Today, 42 years later, young Filipinos are learning about martial law. Our generation wasn’t even born at that time.


How much do we know? How much don’t we know?


I asked teens and tweens about their understanding and views of those years.


Marcos fans


“I have many classmates who are fans of Marcos and all the improvements he made in the Philippines. While I don’t discount any of his achievements, I think the reason my generation praises him is because we’ve never experienced martial law ourselves. We don’t know the feeling of having our rights infringed on, of having to censor every word that comes out of our mouths. As a person with background in journalism, I think freedom of speech is very important. I’m grateful I’ve never been deprived of it, and I hope I never will.” —Erika Hao, 17, Immaculate Conception Academy


“Martial law brought peace and order to our country. That was one of its advantages. But if it had been extended further, people would rebel and chaos would reign. I’m not for martial law, because without freedom, there won’t be order and discipline.”

—Roman Joaquin T. Ibay, 19, University of Santo Tomas


“I think martial law is well-suited for Filipinos because we can see how undisciplined and abusive Filipinos are these days.” —Francis B. Natividad, 18, University of the Philippines Diliman


“I cannot say for sure what and how martial law was, since I wasn’t born yet at the time, although I have learned in school that it was a very irresponsible way of using power. Martial law was supposed to exercise control over and discipline among the people. Yes, that happened, but as time marched on, the military started taking advantage of the power handed to them. Martial law could’ve resulted in something good for our country, if it hadn’t been for the irresponsibility of the people who had the power.” —Steven Angelo Maristela, 18, University of Santo Tomas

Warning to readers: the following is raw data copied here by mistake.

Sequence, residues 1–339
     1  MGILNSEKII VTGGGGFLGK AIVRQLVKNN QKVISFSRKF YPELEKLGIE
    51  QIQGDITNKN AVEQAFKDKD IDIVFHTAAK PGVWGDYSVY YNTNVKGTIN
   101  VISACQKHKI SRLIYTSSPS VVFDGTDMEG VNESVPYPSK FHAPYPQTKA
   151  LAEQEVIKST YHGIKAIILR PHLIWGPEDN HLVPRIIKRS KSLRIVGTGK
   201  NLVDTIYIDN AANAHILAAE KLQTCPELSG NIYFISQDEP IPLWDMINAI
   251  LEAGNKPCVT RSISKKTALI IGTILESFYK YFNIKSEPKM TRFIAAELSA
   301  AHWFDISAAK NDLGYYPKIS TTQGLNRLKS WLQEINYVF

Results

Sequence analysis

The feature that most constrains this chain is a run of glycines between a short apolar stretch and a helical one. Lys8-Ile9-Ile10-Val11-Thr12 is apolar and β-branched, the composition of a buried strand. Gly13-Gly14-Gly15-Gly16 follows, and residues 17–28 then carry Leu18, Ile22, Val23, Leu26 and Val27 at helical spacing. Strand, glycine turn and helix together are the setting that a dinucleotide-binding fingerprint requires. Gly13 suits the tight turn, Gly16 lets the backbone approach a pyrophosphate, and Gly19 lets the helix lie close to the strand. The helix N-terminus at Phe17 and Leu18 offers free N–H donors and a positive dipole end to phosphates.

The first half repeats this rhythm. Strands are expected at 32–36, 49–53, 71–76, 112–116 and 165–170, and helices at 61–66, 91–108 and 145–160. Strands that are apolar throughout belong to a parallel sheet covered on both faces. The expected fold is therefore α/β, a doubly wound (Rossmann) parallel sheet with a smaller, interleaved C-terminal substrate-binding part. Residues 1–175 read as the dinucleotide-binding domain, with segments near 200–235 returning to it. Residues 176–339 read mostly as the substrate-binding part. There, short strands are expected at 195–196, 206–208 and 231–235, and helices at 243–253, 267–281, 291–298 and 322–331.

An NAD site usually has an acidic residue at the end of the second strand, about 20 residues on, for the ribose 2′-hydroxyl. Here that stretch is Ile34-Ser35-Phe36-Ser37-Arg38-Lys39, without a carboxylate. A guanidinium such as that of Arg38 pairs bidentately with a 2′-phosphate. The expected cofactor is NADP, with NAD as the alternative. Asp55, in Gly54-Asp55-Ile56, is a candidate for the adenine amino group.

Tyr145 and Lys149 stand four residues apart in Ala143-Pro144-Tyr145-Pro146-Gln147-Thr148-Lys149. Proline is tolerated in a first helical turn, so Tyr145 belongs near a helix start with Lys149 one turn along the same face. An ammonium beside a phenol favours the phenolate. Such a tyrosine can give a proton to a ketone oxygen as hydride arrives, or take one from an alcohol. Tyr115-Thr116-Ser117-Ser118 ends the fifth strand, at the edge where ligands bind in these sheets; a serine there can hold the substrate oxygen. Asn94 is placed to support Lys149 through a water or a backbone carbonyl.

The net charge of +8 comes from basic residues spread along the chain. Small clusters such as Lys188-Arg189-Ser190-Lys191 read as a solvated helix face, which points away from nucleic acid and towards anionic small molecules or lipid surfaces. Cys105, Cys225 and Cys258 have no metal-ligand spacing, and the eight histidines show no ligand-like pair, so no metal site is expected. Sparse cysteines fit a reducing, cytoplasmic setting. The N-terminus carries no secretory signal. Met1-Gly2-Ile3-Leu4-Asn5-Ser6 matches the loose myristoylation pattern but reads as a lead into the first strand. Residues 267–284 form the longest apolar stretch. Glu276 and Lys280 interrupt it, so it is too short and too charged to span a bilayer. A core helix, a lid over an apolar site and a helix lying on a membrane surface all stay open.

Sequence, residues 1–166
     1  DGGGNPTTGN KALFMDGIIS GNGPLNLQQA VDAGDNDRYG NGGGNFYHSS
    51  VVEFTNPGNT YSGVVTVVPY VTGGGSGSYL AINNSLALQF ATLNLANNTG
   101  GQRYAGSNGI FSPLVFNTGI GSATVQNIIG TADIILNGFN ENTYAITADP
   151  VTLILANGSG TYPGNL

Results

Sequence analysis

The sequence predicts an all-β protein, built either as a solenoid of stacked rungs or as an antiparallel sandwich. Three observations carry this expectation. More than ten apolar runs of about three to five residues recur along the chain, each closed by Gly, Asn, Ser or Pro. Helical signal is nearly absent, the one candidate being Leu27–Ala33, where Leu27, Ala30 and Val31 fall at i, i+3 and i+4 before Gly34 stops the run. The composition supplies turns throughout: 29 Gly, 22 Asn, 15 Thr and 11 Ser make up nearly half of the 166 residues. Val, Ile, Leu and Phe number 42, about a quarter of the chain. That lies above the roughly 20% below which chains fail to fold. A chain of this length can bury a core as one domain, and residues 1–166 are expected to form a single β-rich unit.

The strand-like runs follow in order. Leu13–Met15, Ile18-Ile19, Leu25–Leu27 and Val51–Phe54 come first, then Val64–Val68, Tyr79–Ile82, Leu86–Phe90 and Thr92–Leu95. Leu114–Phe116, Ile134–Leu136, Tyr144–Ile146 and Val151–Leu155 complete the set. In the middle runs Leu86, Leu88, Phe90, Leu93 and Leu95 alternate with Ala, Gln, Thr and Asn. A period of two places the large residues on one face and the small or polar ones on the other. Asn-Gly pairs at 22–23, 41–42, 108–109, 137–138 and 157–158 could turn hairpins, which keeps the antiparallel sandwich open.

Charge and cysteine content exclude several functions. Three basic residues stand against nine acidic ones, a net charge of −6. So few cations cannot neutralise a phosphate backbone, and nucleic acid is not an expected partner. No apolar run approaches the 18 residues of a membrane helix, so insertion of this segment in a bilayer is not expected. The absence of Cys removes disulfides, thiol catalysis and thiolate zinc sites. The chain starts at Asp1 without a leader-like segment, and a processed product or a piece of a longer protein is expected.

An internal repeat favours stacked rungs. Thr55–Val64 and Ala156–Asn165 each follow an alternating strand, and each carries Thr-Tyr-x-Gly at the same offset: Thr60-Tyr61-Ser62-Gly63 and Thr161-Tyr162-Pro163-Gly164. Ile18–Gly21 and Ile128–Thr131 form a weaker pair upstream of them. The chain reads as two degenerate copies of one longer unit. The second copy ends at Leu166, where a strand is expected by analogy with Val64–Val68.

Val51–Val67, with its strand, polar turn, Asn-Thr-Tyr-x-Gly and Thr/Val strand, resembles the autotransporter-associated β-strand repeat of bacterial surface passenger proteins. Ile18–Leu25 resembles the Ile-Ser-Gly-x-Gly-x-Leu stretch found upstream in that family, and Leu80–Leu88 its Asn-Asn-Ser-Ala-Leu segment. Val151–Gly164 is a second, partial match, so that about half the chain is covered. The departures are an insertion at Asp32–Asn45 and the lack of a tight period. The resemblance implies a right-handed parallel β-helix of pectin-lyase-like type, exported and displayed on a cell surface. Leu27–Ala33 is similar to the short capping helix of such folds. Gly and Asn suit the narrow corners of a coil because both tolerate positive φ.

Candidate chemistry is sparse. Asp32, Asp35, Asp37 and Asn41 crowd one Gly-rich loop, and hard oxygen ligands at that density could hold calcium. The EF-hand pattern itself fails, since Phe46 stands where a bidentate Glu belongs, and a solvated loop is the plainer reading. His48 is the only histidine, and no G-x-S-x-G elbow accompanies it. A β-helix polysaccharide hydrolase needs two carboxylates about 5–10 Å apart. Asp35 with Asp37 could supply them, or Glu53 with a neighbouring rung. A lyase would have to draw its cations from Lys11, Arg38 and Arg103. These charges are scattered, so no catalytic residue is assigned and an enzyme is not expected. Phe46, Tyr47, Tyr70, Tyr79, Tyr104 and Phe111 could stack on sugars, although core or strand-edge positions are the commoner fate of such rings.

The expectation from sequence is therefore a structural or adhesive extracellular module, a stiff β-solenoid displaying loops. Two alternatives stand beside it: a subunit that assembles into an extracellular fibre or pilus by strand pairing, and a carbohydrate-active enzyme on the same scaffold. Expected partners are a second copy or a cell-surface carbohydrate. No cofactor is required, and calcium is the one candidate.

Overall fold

Living in fear


“In my opinion, Martial Law was used by Marcos to rein in the opposition. It is usually cast in a bad light because people at the time lived in fear, where the slightest infraction was met with severe punishment. Although order was established, it was at the price of freedom. I don’t believe that martial law was or will be justifiable unless in times of war, because although its intentions were good, the execution was very susceptible to corruption because of the drastic power imbalance that it created.” —Ella

Thorpe, 18, University of the Philippines Diliman


“It’s necessary if things get out of hand—just as long as leaders use it mainly to pacify the chaos happening in the country. It shouldn’t always be seen in a bad light; though it teaches us that we should be very wary of the things we do, and not take little things for granted as martial law can strip us of rights and privileges.” —Daniel Solis, 17, De La Salle University